SMETANA (1824-1884) Dalibor(sung in English) (1868, revised
1870 and 1878)
Vladislav – Gwyn
Dalibor – Robert Jones (tenor)
Budivoj – Gordon Farrall (baritone)
Beneš – Don Garrard (bass)
Vitek – Joseph Ward (tenor)
Milada – Pauline Tinsley (soprano)
Jitka – April Cantelo (soprano)
Judge – Harold Lumb (bass)
BBC Orchestra and Chorus/Vilem Tauský
rec. 31 August 1969. ADD. GALA GL 100.785 [76:22
This is a welcome souvenir
of Tauský’s Czech operatic work. But for reasons that will
almost immediately become apparent a souvenir is all it will
have to remain. It also documents a singer who was otherwise
lamentably treated by the record companies of the time but
whose live performances show her to have been a searingly
impressive talent – Pauline Tinsley. Other stalwarts of the
time are happily present, especially April Cantelo and Joseph
Ward though Gala really must do more biographically in its
notes. There’s something about Don Garrard who takes the
small role of Beneš but nothing at all about the Vladislav,
Gwyn Griffiths, nor even about the singer who takes the title
role, Robert Jones. This is something of an injustice, to
put it mildly.
Tauský did a huge amount
to further the cause of operatic and symphonic music in Britain.
He gave twenty-six opera and operetta premieres throughout
his long career, the last at the age of eighty-four which
was, rather amazingly, Smetana’s The Brandenburgers in
Bohemia – not professionally premiered in Britain until
1994. I hope that some trace of his complete Martinů symphonic
cycle – again a first in his adopted country – has survived.
The subject under discussion
though is Dalibor. It was recorded with BBC forces
in 1969. I’m not sure where the recording derives from but
it’s congested and muddied in sound quality. To be utterly
frank it’s not easy to understand a word the singers are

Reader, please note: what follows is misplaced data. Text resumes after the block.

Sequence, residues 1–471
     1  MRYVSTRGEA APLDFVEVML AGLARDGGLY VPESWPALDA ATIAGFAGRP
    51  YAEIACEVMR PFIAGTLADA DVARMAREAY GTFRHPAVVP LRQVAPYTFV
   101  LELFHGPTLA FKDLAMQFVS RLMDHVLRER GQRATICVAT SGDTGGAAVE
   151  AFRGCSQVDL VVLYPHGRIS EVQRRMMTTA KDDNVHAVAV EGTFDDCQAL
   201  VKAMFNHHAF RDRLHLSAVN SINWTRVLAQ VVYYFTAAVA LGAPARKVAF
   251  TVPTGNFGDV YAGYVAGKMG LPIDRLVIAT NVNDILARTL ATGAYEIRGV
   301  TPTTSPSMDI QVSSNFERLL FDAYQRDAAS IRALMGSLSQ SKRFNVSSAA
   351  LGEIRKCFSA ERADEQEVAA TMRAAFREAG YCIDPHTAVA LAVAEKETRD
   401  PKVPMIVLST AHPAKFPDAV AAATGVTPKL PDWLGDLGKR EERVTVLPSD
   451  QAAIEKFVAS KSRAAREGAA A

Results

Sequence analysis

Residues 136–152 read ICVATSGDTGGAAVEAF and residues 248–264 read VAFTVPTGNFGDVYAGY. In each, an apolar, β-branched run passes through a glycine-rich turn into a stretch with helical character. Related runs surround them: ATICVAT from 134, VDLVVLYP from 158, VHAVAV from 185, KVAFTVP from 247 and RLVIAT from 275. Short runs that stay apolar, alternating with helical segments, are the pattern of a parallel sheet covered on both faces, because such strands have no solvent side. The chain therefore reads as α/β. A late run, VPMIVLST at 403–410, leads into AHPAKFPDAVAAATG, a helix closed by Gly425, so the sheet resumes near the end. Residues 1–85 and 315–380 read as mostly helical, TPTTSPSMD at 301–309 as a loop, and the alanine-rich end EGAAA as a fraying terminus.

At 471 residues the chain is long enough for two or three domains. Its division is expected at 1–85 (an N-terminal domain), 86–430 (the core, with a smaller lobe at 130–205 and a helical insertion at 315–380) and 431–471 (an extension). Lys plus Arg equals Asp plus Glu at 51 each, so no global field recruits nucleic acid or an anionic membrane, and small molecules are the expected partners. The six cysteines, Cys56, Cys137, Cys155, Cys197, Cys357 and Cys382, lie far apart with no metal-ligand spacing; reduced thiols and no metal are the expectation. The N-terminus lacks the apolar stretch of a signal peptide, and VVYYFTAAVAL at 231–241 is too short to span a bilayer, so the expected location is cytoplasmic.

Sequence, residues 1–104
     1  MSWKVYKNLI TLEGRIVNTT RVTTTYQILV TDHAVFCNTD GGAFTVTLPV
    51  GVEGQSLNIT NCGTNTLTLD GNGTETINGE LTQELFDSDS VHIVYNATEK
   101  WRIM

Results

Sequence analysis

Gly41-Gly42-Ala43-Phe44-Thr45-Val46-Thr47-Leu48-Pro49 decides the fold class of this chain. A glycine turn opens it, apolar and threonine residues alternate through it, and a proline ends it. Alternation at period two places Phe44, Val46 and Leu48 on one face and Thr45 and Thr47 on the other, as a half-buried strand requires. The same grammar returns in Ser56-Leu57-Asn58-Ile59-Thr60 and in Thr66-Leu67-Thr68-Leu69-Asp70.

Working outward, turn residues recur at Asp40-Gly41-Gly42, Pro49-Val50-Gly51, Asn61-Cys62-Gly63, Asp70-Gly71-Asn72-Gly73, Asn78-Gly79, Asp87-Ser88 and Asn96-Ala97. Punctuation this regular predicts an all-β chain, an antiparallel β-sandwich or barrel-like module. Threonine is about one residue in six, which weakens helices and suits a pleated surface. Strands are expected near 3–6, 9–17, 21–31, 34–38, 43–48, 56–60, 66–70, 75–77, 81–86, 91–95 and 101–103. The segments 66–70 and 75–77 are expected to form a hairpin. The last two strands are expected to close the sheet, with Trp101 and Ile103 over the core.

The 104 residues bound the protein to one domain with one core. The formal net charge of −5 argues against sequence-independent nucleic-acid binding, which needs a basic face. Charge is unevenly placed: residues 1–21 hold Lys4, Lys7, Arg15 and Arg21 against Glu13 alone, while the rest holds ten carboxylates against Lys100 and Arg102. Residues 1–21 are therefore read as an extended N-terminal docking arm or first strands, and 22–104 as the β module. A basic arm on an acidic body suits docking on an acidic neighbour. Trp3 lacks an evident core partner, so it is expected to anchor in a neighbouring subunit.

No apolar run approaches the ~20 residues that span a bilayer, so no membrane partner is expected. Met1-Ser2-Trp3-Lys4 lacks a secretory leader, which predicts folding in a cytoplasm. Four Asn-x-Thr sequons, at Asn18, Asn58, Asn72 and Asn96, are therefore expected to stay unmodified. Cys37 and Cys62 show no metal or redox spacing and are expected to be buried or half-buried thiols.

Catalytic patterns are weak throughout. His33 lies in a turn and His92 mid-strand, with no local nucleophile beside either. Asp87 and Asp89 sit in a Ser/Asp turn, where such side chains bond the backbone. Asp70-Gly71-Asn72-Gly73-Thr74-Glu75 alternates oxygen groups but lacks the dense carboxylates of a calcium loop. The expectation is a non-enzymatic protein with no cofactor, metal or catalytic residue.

saying – and they’re singing in English. The Chorus is simply
an amorphous mass of weight. The same is very much true of
the orchestral sound-stage. You really can’t hear the percussion
in the orchestral introduction to the first Act – and the
muddiness extends right throughout the orchestra.
The singing is very variable.
Cantelo is a reliable indeed impressive presence though she’s
not as penetrating a singer as the best of the Czechs – Hanna
Svobodova-Janku for instance who sings for Krombholc in the
Supraphon Prague National Theatre recording made the year
before this Tauský performance. Griffiths is quite a light
voiced Vladislav and lacks the oratorical weight of Jindrák
in that same recording – he’s not sufficiently regally penetrating
though he carries off the bluffness well enough. In the title
role Jones proves a pliant rather than an assertive Dalibor.
His is more the lyric tenor than the kind ideally required;
you really need Přibyl in this kind of role, one he
appropriated for many years, with his powerful command and
self-confidence. Don Garrard is rather buffo-ish in his role
as Beneš. It’s Tinsley who proves to have the most volatile
and sure operatic instincts in this role. She’s as unintelligible
as the others but in her case allowance can be made even
though I still prefer the greater tang of Kniplová and Depoltová in
this kind of role.
Gala has been active in
restoring vintage British operatic performances. This one
has rather more limitations than others I’ve heard and will
be a niche purchase.
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